Modern technology has trained people to expect instant gratification. It's very common for people to look at their chequing account balance online or at the ATM and forget that there is a pending electronic transfer or a paper check that hasn't been cashed yet. They withdraw money or make a purchase on their debit card without checking their balance first, completely forgetting that the money in their account is already spoken for. Next thing you know, they get charged by the bank because they accidentally tried to take out more money than they had.

You won't hear people talking about this. If they do, it's because they are angry. They usually blame the bank's policies rather than themselves for the mess-up. Most are too embarrassed to admit that they've overdrawn their accounts to their family and friends because it makes them feel ashamed and financially irresponsible. But these people aren't alone.

In fact, in 2015, American banks made over $32.5 billion in overdraft fees from their customers in just one year. Considering that one Overdraft Fee is $30 on average, this means that millions of Americans are dealing with this issue — the overdraft is not just isolated to a small group of "irresponsible" people. Overdraft fees are big business for banks.

In 2010, the Federal Trade Commission passed laws to try to protect people from being robbed blind by overdraft fees. Following the 2008 recession, such fees had the potential to ruin people's lives. Unfortunately, efforts to combat this issue clearly didn't work, as overdraft charges in 2015 were at an all-time high.

So, if we can text or email someone within a matter of seconds, why does this keep happening? Why does it take so long for numbers in a computer to transfer in the banking system? The answer is that our banking system is heavily controlled by a centralized system. In order for money to move from one bank to another, it must be channeled through the Federal Reserve first. You can read about how wire transfers work on your own if you'd like, but basically, this is a very long, tedious process that is frankly unnecessary in an age of lightning-fast internet and related technologies.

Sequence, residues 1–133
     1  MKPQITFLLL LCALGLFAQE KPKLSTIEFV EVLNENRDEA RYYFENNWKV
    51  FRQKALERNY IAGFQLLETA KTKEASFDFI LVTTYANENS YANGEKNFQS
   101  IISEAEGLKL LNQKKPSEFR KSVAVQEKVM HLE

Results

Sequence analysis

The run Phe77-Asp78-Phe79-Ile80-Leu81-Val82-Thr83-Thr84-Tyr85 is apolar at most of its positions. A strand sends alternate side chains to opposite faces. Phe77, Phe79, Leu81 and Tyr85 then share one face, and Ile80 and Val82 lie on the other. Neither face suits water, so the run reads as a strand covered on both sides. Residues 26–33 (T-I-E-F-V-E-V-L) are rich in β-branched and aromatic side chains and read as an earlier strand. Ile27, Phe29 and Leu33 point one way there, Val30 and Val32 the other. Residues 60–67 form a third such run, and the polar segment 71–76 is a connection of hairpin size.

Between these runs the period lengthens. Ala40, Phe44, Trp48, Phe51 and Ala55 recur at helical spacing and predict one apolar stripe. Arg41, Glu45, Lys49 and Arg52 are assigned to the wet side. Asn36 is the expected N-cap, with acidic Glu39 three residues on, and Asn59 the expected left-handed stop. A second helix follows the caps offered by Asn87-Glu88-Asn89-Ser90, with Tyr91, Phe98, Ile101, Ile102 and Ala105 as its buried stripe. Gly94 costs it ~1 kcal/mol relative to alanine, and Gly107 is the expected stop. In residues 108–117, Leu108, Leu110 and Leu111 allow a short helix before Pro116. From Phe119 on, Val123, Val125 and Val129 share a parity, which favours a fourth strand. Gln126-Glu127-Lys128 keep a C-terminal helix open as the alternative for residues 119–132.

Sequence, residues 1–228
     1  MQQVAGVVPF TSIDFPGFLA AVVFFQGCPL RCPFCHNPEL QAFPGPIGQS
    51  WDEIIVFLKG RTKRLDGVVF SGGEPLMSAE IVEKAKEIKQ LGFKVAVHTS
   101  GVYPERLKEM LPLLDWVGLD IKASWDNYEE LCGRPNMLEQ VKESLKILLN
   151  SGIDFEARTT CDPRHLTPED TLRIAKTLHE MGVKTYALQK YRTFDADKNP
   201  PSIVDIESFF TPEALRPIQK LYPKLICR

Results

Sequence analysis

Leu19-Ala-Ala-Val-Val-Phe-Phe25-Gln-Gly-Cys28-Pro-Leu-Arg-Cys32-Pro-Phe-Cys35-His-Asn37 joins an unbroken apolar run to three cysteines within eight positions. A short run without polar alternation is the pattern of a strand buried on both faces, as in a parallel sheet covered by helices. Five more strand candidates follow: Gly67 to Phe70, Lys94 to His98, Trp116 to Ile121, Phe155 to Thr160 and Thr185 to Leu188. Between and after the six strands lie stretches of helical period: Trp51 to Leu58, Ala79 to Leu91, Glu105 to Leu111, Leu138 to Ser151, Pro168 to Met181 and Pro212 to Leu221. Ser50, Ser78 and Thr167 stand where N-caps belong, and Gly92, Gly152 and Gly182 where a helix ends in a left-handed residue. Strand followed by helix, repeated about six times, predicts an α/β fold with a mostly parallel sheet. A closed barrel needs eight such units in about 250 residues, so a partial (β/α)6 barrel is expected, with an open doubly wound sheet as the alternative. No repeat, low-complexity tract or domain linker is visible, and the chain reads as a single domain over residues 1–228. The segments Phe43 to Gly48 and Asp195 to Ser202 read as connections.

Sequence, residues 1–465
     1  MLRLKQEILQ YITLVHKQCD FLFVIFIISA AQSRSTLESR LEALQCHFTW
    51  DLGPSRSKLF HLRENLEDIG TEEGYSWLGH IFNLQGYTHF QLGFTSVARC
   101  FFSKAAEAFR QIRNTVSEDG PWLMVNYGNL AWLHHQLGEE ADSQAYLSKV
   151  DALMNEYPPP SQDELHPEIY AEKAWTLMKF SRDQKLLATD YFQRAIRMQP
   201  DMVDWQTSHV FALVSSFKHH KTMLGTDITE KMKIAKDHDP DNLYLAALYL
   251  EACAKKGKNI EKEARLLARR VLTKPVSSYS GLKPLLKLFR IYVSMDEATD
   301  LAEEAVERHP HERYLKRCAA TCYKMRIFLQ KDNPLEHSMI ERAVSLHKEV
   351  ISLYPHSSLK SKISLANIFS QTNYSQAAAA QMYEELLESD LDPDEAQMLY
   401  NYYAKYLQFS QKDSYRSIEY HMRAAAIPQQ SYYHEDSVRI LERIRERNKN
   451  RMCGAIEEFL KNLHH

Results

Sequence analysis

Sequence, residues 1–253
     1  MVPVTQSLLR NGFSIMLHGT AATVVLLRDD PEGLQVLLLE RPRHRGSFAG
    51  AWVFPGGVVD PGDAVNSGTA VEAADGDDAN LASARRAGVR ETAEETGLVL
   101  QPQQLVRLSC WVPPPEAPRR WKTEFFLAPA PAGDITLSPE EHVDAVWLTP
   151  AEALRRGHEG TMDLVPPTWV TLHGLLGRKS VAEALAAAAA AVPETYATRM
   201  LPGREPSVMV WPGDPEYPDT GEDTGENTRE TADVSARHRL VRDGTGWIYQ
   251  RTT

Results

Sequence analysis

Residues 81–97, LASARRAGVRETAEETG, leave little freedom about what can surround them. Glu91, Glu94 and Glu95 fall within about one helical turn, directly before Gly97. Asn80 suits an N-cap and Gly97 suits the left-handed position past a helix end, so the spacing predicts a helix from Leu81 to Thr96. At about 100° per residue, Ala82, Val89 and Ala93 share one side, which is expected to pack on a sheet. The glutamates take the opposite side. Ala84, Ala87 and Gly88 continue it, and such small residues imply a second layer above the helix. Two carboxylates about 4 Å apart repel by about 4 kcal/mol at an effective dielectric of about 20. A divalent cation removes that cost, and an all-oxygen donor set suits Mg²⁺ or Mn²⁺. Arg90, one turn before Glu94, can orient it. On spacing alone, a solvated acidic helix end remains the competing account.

As long as the technology of bank transfers remains the same, the issue will never be fixed, and people will continue to lose money to the bank on transfer fees, account maintenance fees, and overdraft fees.

The Blockchain and Bitcoin Mining

bitcoin holding in hand with mining rig computer in the background
Asholove/Shutterstock
The longer Bitcoin exists, the harder the math puzzles get, and the system is designed to release fewer coins over time.

The Bitcoin process is as simple as this:

I want to send $1,500 to my landlord, Mr. Smith. I have Mr. Smith's Bitcoin wallet information, and I hit "send." The money is instantly withdrawn from my account. I can no longer get access to that money. In just one hour, it will show up in Mr. Smith's account. I will get an e-mail confirmation that he received it, which I can save as a receipt.

My transaction of sending the money to Mr. Smith is recorded on a public ledger called "The Blockchain." That information is out in the world for everyone to see, but instead of showing our names, we see a long string of numbers and letters, which is our Bitcoin Wallet account number, or our "Public Key."

Without knowing who we are or why we are sending money to one another, volunteer record-keepers called "Miners" record the transaction on a ledger. This keeps everybody honest. In order to decode this information, there is a lot of math involved to solve the puzzle, or "cryptograph." (That's why it's called a "cryptocurrency.") It is important to make this information so cryptic because it protects the private information of both parties. This is why Satoshi Nakamoto hired the Silicon Valley crypto-legends to build the software. They were the only crew of genius coders who could have figured it all out.